Video

‘Bagdad’: Rosalía Quite Literally Cries Herself a River

Rosalia Bagdad Video

“For all those who were heartbroken and drowned in their sorrow.”

Rosalía is, without a doubt, one of my favorite discoveries of 2018.

I haven’t written anything about her until now on MuuMuse, but I did hop in a car with her as she made her way from her record label to a meeting at YouTube headquarters a few months ago for a feature for Paper. I recommend reading that for the full story, but to summarize: she is a very cool, passionate, talented (insert lady-gaga-adjective.GIF here) singer who is fusing the classic sound of Spain’s flamenco with modern electronic flourishes and #SomethingMoreUrban beats – and supplying next-level, symbolism-filled visuals while doing so. Her stage show is also incredible. I can’t swoon enough: I really think she represents the best of true artists on the horizon who are actually moving the dial ahead in music.

In any case, before the year comes to a close, Rosalía released a Helmi-directed music video on Tuesday (December 4) for a standout from her fantastic new record El Mal Querer. And yes, as you might notice within the first few seconds of a song: that is, in fact, an interpolation of the iconic melody from Justin Timberlake‘s “Cry Me A River.”

But why stop at merely a musical nod?

In the accompanying video, Rosalía goes for a rather literal interpretation of the classic breakup track, playing a stripper sobbing herself an actual river of tears inside of a bathroom after a phone call goes south.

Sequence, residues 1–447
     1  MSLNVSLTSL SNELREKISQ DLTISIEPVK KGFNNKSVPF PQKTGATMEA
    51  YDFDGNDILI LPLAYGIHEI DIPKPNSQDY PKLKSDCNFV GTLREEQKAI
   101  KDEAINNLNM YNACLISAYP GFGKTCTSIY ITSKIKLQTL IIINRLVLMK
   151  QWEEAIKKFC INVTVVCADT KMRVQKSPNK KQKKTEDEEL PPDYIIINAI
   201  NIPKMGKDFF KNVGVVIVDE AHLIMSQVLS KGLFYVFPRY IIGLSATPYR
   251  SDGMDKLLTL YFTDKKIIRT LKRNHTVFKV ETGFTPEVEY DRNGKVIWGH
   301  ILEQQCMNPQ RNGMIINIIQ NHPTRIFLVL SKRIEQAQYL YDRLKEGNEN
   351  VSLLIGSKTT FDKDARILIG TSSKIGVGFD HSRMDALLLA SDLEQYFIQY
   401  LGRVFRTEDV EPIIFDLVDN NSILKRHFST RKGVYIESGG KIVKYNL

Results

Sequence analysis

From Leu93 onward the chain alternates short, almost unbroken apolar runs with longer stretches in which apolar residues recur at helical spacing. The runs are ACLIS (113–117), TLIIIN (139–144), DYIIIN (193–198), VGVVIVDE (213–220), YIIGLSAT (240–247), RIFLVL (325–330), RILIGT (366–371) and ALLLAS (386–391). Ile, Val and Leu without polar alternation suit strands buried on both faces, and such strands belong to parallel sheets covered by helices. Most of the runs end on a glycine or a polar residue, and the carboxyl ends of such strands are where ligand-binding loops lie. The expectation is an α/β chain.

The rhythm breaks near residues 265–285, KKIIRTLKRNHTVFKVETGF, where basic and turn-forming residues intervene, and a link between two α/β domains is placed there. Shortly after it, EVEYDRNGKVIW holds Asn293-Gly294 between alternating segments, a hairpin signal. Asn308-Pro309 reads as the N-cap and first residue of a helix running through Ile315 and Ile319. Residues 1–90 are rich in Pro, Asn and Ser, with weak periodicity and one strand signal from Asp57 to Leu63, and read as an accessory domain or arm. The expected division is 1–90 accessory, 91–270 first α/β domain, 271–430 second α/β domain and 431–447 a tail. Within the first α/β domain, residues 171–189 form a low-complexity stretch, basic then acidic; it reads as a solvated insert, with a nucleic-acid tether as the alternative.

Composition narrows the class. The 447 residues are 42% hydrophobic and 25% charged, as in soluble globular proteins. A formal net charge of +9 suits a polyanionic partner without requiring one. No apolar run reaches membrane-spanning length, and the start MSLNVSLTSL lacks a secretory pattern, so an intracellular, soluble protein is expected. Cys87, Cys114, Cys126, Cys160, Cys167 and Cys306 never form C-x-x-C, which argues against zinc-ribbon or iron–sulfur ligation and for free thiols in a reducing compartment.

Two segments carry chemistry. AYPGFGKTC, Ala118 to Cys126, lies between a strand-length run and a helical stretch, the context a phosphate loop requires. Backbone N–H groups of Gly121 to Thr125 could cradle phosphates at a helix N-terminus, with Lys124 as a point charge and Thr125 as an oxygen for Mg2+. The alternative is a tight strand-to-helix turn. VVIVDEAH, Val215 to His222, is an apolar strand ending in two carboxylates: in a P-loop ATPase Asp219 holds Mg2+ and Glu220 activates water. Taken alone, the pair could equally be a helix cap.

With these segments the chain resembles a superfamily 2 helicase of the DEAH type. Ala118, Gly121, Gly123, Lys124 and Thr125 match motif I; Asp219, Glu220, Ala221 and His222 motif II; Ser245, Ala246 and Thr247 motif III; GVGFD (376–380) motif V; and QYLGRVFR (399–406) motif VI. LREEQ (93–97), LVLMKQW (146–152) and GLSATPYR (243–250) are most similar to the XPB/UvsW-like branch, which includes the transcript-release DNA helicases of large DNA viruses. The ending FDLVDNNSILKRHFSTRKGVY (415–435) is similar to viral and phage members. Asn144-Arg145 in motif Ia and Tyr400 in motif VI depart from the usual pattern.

Arguably, the JT interpretation dives deep: the blonde wig, the oh-so-“Oops!” red latex ensemble. I know I’ve solely got Britney on the brain at all times (subscribe to It’s Britney, Bitch!) – but is she not serving up the entire Justin-Britney breakup ’00s fantasy? There’s also the strip club set. “Gimme More”? Perhaps – but more likely a reference to the erotic club in Barcelona that this song gets its name from: Bagdad.

Rosalía’s music and videos are loaded with cultural references, including folklore and religious imagery – very much me to very, very niche Britney references. (“Go to the light and see Jesus!”) Accordingly, in her darkest hour, she ascends to deity status.

Like any good artist, there’s room for interpretation. And, like all good art, it all eventually comes back…to Britney, bitch.

El Mal Querer was released on November 2. (iTunes)

This song is featured on the MuuTunes Spotify playlist. Subscribe!

You can also subscribe to MuuTunes on Apple Music.